Four-time Paralympic medalist Jason Dunkerley (left) and Josh Karanja, who is part of the first set of guide runners to also receive medals at the Paralympics, display their bronze medals from the T11 men’s 1,500 m on the podium in front of a crowd of 80,000 at Olympic Stadium in London. Photo: Ian Ewing
By Dan Plouffe
Ottawa’s Jason Dunkerley kept alive his streak of winning a 1,500 m medal at each Paralympic Games by running the fastest time of his life at age 35 Monday evening at Olympic Stadium in London.
“I’m like a good wine,” the newly-crowned bronze medalist quipped in the media zone. “It always feels good to improve, and I feel like I can still get better.
“It’s exciting to have a good race when the competition’s so much harder than it was when I was younger.”
For the first time ever, a runner who is completely blind broke the four-minute barrier in the 1,500 m as Kenyan Samwel Mushai Kimani won the T11 event in 3:58.37. Brazilian Odair Santos also dipped under his previous world record time with a 4:03.66, while Dunkerley withstood a charge from Chile’s Cristian Valenzuela to earn his podium position by .23 seconds and establish a new personal-best by .49 in 4:07.56.
“The Chilean guys we’d never seen before, and again it just speaks to how people are getting better and forcing us to figure out how to get better too,” highlighted Dunkerley, who won silver in Sydney and Athens and bronze in Beijing. “I was tightening up a little bit in the last 100 or 80 and (guide runner) Josh (Karanja) was just yelling, so I was giving it everything I could.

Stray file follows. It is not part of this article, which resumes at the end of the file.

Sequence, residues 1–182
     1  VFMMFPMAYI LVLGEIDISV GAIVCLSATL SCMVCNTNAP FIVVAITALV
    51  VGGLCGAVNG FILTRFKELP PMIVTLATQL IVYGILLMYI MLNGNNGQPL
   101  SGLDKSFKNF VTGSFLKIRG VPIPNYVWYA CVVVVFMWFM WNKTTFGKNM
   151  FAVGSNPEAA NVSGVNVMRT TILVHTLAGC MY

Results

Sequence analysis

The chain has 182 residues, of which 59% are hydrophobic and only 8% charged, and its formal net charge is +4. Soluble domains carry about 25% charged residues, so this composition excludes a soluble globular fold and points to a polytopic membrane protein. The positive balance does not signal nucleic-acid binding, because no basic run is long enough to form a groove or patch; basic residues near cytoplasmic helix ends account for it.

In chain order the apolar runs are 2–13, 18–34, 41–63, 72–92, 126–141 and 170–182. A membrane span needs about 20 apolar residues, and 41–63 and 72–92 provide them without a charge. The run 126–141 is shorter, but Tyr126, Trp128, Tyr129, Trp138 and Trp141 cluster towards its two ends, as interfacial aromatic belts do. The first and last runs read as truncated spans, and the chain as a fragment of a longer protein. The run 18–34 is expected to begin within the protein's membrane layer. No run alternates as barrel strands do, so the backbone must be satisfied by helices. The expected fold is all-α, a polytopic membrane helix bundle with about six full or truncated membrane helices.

“It was intense. We were really going for it and I’m really glad we made it.”
For Ottawa’s Karanja, who is attending his first Paralympics and hadn’t guided Dunkerley in a major international race before London, the final stretch was simply nerve-racking.
“I was panicking,” the Nepean High School grad recalled. “I was like, ‘Oh man, we gotta go Jay, we gotta go, they’re coming!’
“We got ’em at the line, so you can’t ask for anything better. We’ve been working hard all year and pushed Jay to his limits, I think. We wanted to come back home with some hardware to show it.”
The Ottawa Lions pair will have a chance to do something Dunkerley has not yet achieved at a Paralympics when they try to win a second medal in the 5,000 m. The heats are on Wednesday with the final on Friday.
“I was really nervous about the 15,” Karanja noted, adding the crowd of 80,000 is deafening. “Now I’m feeling more relaxed about the 5k.”
Dunkerley credits his relatively new partnership with coach Ian Clark and having Karanja to train with locally for pushing him to new heights when most athletes his age are on the down side of their careers. That combined with support from his wife and his parents – who were all in the stands – others back home, and the Canadian team and staff in London.
Achieving the type of performance longevity he’s now displayed is something Dunkerley admits he never fathomed when he started running competitively in high school.
“I was so far away from ever even considering it,” Dunkerley explained. “It’s so different than any other competition. It’s about trying to get it right on one day out of every four years.
“It’s all about getting to the starting line feeling healthy and strong and confident and dealing with a crowd like this and the effects of everything that goes with it.
“It’s been a privilege to be able to have been involved in this sport. I’m very proud that we’re here and we ran well.”